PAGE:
PD-1/PD-L1, but not PD-1/PD-L2, interactions regulate the severity of experimental autoimmune encephalomyelitis.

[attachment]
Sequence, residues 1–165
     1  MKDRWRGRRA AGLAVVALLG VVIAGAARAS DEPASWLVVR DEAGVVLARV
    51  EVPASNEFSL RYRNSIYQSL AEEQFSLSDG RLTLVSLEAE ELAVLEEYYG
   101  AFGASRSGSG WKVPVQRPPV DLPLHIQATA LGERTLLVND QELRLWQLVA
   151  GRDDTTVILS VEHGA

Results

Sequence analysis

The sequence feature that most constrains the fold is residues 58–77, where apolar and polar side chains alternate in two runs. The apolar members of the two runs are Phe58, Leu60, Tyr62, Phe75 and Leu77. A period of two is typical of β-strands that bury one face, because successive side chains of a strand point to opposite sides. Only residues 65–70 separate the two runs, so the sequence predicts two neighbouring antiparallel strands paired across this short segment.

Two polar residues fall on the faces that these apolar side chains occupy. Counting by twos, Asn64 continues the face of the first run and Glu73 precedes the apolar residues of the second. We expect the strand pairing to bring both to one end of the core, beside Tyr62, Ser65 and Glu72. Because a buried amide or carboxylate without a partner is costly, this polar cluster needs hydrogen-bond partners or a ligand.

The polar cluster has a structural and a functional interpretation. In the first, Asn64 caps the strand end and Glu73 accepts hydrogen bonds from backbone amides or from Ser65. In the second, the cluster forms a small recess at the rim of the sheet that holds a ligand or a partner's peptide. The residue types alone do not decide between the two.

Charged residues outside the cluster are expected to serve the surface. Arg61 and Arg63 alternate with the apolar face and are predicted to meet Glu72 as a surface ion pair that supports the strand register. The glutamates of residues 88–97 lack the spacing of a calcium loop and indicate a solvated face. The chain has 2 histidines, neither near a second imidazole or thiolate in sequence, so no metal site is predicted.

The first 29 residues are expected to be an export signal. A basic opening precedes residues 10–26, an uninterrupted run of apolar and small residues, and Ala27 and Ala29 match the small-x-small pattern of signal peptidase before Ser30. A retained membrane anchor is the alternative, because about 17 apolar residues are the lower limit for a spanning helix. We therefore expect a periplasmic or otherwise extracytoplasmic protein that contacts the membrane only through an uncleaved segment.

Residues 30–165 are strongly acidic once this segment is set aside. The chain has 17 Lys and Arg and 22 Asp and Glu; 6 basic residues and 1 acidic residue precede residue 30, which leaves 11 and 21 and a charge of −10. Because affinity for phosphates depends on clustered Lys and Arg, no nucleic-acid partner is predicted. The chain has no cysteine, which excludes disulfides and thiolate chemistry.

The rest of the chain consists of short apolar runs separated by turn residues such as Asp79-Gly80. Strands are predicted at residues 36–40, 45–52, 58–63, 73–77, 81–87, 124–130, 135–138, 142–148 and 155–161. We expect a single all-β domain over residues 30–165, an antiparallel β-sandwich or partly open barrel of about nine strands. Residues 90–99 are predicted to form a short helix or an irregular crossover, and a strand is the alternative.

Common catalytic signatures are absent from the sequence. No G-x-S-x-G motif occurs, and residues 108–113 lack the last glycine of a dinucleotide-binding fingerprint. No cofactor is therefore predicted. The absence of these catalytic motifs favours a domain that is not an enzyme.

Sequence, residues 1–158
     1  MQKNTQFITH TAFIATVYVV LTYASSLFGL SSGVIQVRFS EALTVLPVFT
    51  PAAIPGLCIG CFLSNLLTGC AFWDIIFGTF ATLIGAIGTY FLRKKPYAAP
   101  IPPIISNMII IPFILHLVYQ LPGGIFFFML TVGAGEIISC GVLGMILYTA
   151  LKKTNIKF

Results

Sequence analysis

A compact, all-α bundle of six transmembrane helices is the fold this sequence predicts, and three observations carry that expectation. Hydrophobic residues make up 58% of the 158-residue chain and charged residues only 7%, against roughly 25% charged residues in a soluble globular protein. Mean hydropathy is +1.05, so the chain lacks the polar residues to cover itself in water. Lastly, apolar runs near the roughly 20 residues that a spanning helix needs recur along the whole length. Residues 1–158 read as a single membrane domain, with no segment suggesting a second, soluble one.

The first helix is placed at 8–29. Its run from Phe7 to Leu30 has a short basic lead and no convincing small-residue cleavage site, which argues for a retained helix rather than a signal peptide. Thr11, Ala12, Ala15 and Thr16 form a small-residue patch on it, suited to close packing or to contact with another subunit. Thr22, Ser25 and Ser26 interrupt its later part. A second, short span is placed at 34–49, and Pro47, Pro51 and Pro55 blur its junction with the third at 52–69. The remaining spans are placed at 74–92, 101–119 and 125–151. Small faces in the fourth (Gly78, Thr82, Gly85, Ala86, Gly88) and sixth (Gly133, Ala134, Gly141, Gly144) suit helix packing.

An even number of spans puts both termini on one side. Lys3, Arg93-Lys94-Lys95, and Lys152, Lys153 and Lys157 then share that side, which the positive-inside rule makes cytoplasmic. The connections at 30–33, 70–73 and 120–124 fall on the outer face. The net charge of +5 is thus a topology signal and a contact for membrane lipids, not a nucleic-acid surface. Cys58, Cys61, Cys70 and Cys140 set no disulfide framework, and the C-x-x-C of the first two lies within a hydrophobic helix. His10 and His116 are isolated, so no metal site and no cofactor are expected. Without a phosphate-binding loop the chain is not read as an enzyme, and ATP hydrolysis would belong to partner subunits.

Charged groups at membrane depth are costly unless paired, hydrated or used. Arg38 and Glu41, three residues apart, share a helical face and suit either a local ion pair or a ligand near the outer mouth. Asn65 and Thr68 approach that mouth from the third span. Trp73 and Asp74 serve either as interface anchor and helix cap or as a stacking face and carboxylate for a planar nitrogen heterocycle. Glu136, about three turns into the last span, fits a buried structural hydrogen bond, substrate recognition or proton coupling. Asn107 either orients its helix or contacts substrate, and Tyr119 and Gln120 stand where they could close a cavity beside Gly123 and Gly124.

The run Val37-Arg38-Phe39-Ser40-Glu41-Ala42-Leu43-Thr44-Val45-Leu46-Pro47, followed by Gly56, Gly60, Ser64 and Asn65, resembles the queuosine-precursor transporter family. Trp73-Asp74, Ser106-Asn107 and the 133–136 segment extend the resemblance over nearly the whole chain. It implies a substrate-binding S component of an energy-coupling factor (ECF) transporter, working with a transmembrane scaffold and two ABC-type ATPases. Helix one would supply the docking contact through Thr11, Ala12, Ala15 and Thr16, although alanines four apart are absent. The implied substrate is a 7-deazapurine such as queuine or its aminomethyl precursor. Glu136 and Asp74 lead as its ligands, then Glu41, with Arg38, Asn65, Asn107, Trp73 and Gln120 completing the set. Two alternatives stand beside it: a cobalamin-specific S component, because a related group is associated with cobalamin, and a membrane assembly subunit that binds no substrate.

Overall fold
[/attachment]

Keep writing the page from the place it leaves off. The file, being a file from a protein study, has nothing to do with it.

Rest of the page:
Interactions between PD-1 and its two differentially expressed ligands, PD-L1 and PD-L2, attenuate T cell activation and effector function. To determine the role of these molecules in autoimmune disease of the CNS, PD-1-/-, PD-L1-/- and PD-L2-/- mice were generated and immunized to induce experimental autoimmune encephalomyelitis (EAE). PD-1-/- and PD-L1-/- mice developed more severe EAE than wild type and PD-L2-/- mice. Consistent with this, PD-1-/- and PD-L1-/- cells produced elevated levels of the pro-inflammatory cytokines IFN-gamma, TNF, IL-6 and IL-17. These results demonstrate that interactions between PD-1/PD-L1, but not PD-1/PDL-2, are crucial in attenuating T cell responses in EAE.
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